High Yield Index Returns During Periods of Rising Rates

October 2018

Many investors tend to mentally group all of fixed income into one asset class, when in fact there are many different asset classes within fixed income that behave differently from each other.

For example, high yield bonds actually have a slight negative correlation to the 10-Year Treasury, since they are more sensitive to the credit quality of the underlying company than the overall interest rate environment. Investors looking to diversify their interest rate exposure may look to high yield funds to complement their existing investment allocation.

The chart below shows returns for the Citigroup 10-year Treasury Benchmark as well as the ICE BofA Merrill Lynch US High Yield Cash Pay Index during time frames where the 10 Year Treasury has risen by 1.00% or more since SMHCA started managing high yield in 1995.

High Yield Index Returns During Periods of Rising Rates

Time Period 10-Year Treasury Basis Point (BPS) Change Citigroup 10-Year Treasury Benchmark Return BofA Merrill Lynch US High Yield Cash Pay Index Return
12/31/1995-6/30/1996 +126 bps -5.01% 2.85%
09/30/1998-3/31/2000 +146 bps -3.90% 1.73%
05/31/2003-6/30/2004 +116 bps -4.27% 11.91%
05/31/2005-6/30/2006 +109 bps -4.63% 6.11%
11/30/2008-6/30/2009 +115 bps -3.13% 38.78%
11/30/2008-2/28/2011 +116 bps 1.39% 36.20%
6/30/2012-12/31/2013 +133 bps -4.83% 10.29%
6/30/2016-09/30/2018 +150 bps -4.48% 6.86%

Source: Zephyr, Citigroup (SBTSY10) and MLHY (MLHYMAST)

Actively managed high yield funds should be considered as an investment choice for investors who are looking for higher income than investment grade managers, or are looking for an asset class to diversify from equities and traditional fixed income managers. Negative headlines, misconceptions, and the “junk” moniker given to this asset class have continued to misdirect the public’s perception.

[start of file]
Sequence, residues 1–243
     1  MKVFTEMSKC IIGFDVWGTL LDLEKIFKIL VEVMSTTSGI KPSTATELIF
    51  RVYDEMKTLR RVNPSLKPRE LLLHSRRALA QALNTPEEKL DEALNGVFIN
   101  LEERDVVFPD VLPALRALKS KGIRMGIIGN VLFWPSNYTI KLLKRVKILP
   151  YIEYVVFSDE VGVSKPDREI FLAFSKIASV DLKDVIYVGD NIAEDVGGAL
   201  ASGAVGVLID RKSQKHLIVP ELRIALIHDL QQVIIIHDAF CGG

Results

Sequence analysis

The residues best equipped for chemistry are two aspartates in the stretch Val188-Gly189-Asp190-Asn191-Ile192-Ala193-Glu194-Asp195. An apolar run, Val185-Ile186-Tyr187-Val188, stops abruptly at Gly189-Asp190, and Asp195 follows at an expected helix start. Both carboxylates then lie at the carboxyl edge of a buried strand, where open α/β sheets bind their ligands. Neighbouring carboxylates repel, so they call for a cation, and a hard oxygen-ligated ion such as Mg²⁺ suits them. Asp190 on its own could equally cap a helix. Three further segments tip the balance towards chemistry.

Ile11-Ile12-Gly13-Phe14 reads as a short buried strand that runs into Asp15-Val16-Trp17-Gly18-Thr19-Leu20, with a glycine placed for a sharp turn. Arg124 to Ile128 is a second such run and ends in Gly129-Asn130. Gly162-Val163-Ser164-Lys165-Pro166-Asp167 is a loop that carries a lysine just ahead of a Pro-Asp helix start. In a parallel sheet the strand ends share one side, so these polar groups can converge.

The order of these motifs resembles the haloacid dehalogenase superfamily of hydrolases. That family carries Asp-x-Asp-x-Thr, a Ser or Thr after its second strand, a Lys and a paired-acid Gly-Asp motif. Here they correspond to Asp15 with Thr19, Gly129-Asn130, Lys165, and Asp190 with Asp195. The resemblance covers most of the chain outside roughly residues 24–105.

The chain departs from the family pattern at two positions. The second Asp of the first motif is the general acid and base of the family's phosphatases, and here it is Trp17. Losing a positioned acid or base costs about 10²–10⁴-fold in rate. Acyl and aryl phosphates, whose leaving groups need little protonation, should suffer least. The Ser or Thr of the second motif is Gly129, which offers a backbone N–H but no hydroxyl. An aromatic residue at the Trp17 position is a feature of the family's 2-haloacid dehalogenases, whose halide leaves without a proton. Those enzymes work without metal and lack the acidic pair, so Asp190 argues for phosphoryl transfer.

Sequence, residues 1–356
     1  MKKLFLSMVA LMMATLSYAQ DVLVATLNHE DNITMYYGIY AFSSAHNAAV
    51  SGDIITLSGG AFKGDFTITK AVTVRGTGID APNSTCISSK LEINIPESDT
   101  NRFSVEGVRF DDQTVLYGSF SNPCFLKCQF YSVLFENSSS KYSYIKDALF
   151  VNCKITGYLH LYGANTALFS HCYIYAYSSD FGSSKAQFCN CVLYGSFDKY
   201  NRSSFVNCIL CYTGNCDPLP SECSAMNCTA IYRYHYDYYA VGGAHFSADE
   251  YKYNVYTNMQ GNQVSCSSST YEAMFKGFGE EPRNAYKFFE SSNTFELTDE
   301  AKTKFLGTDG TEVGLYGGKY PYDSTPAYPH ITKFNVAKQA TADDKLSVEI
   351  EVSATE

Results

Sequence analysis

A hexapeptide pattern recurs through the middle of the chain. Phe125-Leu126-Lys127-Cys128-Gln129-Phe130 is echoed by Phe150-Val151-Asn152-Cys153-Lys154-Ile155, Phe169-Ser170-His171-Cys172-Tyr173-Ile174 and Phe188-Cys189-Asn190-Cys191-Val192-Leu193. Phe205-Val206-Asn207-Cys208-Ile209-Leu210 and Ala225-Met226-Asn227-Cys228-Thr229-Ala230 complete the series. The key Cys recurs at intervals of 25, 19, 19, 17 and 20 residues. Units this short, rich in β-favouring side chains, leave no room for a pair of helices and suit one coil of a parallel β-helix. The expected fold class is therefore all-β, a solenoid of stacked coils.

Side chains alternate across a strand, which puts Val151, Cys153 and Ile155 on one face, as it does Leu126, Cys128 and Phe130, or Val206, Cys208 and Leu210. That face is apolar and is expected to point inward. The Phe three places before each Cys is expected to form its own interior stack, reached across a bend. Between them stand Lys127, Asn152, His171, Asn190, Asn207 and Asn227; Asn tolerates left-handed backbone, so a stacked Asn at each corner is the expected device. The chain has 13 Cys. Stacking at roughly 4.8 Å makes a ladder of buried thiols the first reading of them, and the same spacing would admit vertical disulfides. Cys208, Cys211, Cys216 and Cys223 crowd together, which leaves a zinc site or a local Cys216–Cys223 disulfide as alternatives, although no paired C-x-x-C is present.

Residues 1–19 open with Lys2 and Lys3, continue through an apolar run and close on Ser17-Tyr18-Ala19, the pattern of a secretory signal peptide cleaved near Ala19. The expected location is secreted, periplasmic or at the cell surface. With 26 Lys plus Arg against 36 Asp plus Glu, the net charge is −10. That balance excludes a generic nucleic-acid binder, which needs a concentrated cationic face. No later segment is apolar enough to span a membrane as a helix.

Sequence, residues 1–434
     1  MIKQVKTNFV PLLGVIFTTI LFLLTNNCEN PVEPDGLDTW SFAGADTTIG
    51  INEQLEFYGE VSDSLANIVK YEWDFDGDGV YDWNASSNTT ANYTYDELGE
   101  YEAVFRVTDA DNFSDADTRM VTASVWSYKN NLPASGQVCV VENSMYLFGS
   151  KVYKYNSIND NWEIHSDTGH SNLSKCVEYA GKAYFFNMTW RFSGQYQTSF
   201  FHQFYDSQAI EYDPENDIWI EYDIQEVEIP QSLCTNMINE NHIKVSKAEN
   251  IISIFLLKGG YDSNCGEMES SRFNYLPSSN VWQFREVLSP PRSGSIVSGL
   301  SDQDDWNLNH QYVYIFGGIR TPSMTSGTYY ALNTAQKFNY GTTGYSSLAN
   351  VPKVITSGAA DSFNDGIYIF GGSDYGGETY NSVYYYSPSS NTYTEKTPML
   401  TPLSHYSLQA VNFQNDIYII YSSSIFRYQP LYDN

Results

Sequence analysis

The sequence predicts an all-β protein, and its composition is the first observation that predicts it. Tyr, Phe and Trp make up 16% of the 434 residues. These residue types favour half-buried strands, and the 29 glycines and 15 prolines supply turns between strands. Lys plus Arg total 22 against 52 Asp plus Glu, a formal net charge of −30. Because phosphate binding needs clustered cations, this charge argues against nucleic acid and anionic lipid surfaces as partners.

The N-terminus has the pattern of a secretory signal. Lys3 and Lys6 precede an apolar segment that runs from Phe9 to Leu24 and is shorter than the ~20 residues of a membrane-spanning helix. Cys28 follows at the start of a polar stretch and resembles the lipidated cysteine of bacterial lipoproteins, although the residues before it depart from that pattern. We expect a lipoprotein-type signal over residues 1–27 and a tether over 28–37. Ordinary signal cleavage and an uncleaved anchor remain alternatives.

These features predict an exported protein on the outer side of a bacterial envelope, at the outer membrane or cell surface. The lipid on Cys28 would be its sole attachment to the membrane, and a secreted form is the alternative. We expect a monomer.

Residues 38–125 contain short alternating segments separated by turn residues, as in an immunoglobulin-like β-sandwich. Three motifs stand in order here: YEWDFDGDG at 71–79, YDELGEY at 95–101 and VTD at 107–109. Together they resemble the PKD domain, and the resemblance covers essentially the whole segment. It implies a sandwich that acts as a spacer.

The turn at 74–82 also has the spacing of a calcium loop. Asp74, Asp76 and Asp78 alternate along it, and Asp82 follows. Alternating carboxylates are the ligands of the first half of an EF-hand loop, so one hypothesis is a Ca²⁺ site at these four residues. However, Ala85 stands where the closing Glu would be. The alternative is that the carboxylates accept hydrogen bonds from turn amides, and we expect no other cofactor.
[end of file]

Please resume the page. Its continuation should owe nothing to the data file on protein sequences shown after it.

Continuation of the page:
As investors look to maintain their monthly income or total return objectives during a potential rising rate environment, they should look past the negative reputation that high yield bonds have earned over the years and instead look at how the asset class interacts with other investments in their portfolio.

Past performance is no guarantee of future results. The referenced indices are shown for general market comparisons and are not meant to represent any fund. Investors cannot directly invest in an index; unmanaged index returns do not reflect any fees, expenses or sales charges.

Important Risk Information
All investing is subject to risk, including the possible loss of the money you invest. There’s a risk with any bond that the issuing company might not be able to meet its obligations and the risk is higher with high-yield bonds. High-yield bonds can sometimes be less liquid than investment grade bonds. Please note that that high-yield bonds tend to move in the same direction as stocks. Therefore, if an investor is looking diversify a stock-heavy portfolio, he or she might not achieve that objective with high-yield bonds.


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